Place the constructed frames in a location with a suitable growing environment and adequate drainage. Multiple beds should be placed at least 24 inches apart to provide a walkway. A board placed across this space gives the gar- dener a comfortable place to sit or kneel while working. A gravel walkway will provide a cleaner, drier walkway

throughout the season (see figure 3). Alternately, flatten

corrugated cardboard and place on the walkway. Then place 2 inches of wood chips on the carboard.

Figure 3. Placement of frames.
Figure 3. Placement of frames.

18"

An addition that can increase the efficiency of raised

beds is a simple technique that produces a greenhouse

effect: hood the bed with a clear polyethylene film row

cover supported by a framework of hoops of 12-gauge

wire or PVC pipe at least ¾ inch attached to the sides of the wooden frame. This technique increases soil and air temperature, reduces the amount of rain on the bed in ar- eas of excessive rainfall and reduces moisture evaporation

in areas of insufficient rainfall.

Temperature control extends the growing season. A 4-mil

polyethylene or fiberglass- reinforced polyethylene should

be used to avoid wind damage. The sheeting can be at-

tached to the bed by lath or by grommets placed along the bottom edge of the sheeting and secured over nails along the

bed (see figure 4).

Place the beds so the plants can take fullest advantage of avail- able sunlight. Arrange plants so one plant does not shade another as it grows. The air and soil temperature under the cover can increase dramatically during a sunny day and get so hot the plants can be damaged

Figure 4. Temperature and moisture control.

Figure 4. Temperature and moisture control.

or killed. Ventilation slits and open ends in the polyethylene sheeting help avoid exces- sive heat buildup, which could damage the plants. Com- plete removal of the sheeting may sometimes be neces- sary. When the growing season is over, the polyethylene sheeting can be removed and stored for the next season.

Many gardeners grow crops under floating row cover instead of polyethylene film. Floating row cover is a trans- lucent, lightweight polyester fabric that is placed directly

over transplants. The edges of the floating row cover are secured by pieces of wood or stones. Sufficient slack is allowed for plants to grow under the row cover. Floating row covers provide protection from many flying insects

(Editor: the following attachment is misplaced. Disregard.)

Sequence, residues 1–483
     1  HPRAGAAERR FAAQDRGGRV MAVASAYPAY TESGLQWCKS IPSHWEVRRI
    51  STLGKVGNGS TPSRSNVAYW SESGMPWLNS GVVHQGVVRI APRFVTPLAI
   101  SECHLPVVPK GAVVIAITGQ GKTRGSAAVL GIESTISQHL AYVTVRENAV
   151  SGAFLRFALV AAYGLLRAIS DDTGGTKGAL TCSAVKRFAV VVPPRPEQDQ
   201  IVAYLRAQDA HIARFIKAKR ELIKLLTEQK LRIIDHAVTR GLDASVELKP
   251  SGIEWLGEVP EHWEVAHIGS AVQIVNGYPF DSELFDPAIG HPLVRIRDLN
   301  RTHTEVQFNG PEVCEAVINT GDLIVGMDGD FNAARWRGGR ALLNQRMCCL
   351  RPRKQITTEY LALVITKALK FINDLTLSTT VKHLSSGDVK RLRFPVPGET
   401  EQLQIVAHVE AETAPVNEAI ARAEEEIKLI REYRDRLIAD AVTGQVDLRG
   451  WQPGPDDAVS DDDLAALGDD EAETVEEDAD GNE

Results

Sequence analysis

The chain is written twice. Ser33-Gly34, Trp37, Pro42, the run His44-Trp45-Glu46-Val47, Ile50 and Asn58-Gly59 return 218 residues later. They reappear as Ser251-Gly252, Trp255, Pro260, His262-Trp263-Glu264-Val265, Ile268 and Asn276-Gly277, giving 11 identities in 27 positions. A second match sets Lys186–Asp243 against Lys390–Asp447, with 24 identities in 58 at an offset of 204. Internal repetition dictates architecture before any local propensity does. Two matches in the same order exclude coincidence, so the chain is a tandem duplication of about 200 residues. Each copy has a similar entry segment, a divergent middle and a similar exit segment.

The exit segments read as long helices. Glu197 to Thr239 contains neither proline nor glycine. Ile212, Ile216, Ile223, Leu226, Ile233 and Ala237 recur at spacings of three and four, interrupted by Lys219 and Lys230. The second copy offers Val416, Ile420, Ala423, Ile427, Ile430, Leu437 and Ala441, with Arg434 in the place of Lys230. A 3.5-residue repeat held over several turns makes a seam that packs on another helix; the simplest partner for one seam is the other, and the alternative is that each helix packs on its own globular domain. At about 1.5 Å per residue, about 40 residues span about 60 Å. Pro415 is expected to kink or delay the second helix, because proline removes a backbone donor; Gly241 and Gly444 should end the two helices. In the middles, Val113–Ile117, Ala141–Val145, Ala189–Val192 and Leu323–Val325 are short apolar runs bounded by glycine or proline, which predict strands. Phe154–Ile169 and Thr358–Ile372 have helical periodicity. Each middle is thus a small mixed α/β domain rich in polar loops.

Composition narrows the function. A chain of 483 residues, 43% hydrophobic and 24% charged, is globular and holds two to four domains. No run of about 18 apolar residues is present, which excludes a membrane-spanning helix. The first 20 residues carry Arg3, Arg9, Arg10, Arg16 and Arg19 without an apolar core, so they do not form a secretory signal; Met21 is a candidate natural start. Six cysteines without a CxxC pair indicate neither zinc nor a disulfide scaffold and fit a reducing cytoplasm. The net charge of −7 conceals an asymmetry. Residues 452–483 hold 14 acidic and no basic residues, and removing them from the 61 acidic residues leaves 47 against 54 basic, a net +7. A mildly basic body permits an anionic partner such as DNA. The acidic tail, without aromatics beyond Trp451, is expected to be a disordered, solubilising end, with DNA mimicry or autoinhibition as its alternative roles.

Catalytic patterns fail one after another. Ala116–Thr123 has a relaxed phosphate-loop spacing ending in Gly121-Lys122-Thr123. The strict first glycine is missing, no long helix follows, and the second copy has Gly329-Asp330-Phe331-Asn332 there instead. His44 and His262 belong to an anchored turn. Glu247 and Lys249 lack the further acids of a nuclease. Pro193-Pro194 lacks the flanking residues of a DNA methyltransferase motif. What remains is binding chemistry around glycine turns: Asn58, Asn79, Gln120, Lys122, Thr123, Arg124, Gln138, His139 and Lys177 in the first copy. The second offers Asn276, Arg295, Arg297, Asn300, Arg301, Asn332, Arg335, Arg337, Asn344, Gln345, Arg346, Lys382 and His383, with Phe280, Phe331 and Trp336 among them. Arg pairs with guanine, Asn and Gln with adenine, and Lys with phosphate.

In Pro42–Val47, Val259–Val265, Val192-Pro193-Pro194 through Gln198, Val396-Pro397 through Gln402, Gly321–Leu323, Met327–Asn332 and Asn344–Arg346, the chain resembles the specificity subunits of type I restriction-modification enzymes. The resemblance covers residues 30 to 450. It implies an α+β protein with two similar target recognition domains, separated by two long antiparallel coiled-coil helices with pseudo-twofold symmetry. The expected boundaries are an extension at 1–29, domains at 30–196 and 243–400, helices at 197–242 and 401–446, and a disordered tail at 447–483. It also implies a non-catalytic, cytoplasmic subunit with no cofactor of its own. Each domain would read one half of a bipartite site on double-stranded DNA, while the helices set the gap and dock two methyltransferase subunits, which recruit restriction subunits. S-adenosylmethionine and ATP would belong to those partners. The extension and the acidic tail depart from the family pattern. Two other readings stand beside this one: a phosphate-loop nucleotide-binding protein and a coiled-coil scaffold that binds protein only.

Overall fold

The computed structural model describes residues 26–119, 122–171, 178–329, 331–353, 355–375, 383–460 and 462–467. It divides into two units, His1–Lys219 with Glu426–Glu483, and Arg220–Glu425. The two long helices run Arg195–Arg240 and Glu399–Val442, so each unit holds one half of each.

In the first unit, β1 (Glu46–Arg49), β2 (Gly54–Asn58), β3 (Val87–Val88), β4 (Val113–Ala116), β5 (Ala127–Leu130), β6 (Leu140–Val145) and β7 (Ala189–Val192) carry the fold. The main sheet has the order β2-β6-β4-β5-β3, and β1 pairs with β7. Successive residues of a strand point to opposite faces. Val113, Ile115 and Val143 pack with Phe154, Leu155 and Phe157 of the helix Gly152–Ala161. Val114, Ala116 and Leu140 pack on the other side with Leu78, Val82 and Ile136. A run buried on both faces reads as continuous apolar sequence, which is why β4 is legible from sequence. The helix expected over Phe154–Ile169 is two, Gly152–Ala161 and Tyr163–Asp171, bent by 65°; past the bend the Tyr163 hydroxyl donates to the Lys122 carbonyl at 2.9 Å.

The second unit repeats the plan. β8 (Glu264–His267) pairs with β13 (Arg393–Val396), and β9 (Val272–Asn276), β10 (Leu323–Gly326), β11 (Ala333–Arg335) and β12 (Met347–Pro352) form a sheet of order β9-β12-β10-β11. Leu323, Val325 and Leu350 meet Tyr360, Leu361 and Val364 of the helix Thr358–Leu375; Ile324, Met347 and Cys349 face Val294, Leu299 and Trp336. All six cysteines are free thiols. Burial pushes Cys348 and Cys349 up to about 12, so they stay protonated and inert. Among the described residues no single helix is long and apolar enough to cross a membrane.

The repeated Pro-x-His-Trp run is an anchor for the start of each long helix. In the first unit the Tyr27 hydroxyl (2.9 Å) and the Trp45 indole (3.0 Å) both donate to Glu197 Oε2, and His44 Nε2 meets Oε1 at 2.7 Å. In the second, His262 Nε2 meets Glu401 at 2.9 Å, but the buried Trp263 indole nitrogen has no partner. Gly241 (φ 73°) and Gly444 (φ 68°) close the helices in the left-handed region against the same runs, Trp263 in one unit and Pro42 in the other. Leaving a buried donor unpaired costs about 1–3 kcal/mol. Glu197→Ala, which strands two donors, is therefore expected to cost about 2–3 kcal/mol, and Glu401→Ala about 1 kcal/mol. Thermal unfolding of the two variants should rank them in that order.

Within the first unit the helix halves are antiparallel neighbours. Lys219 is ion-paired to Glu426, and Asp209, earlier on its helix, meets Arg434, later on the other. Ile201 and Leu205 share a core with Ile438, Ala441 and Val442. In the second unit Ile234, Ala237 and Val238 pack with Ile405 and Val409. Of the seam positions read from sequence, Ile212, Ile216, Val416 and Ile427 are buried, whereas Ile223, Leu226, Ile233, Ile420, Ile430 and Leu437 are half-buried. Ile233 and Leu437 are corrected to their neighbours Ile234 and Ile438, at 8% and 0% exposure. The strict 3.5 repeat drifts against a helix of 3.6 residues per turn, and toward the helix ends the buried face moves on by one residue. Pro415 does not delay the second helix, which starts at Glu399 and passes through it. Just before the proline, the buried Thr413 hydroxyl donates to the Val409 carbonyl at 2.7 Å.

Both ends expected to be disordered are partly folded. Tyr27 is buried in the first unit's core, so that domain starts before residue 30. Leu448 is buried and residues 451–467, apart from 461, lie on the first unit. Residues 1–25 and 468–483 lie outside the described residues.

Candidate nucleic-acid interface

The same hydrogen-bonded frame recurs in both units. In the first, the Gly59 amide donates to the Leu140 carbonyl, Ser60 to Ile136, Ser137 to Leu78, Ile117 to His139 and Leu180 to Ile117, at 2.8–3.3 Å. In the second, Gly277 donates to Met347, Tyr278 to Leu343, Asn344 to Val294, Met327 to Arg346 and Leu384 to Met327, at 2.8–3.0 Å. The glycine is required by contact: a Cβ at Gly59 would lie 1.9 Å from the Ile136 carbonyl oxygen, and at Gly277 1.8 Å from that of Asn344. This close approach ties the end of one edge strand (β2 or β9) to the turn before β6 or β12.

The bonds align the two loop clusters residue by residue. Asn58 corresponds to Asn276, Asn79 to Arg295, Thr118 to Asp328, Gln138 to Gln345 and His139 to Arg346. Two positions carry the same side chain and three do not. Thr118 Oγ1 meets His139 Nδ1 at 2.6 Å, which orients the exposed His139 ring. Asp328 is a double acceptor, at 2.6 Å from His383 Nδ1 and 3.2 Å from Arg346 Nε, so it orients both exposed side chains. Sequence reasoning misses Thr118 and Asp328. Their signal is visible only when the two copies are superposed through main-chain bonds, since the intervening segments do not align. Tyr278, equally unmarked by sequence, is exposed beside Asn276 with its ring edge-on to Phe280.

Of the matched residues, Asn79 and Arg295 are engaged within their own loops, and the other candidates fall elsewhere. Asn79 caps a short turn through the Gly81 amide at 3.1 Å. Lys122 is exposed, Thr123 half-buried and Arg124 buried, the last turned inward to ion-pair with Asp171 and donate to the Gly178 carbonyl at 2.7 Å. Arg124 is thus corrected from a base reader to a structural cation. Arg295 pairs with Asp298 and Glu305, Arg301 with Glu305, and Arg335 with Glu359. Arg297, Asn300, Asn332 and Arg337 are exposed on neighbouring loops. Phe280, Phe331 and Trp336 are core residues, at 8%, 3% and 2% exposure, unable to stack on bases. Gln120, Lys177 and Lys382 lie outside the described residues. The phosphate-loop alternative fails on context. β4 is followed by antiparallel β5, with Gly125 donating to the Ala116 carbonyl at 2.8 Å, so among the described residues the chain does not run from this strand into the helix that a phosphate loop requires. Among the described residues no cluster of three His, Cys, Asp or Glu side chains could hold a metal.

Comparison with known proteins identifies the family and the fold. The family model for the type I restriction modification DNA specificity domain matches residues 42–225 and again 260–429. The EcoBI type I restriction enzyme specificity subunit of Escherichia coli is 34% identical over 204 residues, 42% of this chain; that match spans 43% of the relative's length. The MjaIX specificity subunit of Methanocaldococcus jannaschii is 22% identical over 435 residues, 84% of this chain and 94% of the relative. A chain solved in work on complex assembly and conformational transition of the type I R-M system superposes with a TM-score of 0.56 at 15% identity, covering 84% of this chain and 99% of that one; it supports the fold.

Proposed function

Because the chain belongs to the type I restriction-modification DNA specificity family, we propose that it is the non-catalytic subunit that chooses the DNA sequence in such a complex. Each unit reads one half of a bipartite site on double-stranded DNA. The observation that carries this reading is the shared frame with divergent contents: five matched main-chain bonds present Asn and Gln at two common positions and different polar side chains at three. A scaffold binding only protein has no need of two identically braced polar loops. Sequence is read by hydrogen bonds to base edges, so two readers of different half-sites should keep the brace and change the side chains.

and from wind, and they also increase the air and soil

temperatures beneath them.

Tilling or turning the soil will help reduce future populations of slugs and root maggots by bringing the eggs and pupae to the surface where they are exposed to changing weather conditions and potential predators. Covering the soil surface with spruce boughs or seaweed can reduce soil puddling and compacting resulting from fall and spring rains.

Many garden crops thrive in raised beds. These include lettuce, radishes, Swiss chard, carrots, cabbage, Brussels sprouts, cauliflower, beets, turnips, zucchini, peas, pota- toes and, in the warmer areas, tomatoes, cucumbers and beans. Using raised beds can provide the gardener with increased production and decreased maintenance.

For more information, contact your local Cooperative Extension Service office or Robert Gorman, Extension Faculty, Natural Resources and Community Development, at rfgorman@alaska.edu or 907-747-9413. This publication was originally developed in 1990 by Jim Douglas, former Extension Resource Development and Youth Agent, and Ken Mitchell, Master Gardener. Revised by Gorman in 2011.

Visit the Cooperative Extension Service website at www.uaf.edu/ces or call 1-877-520-5211

1-90/JD/2000

Reprinted September 2011

Figure 2. Framework for raised gardens. tainer dimensions — length × width × height. A container

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The University of Alaska Fairbanks Cooperative Extension Service programs are available to all, without regard to race, color, age, sex, creed, national origin, or dis- ability and in accordance with all applicable federal laws. Provided in furtherance of Cooperative Extension work, acts of May 8 and June 30, 1914, in cooperation with the U.S. Department of Agriculture, Fred Schlutt, Director of Cooperative Extension Service, University of Alaska Fairbanks. The University of Alaska Fairbanks is an affirmative action/equal opportunity employer and educational institution. ©2011 University of Alaska Fairbanks. This publication may be photocopied or reprinted in its entirety for noncommercial purposes.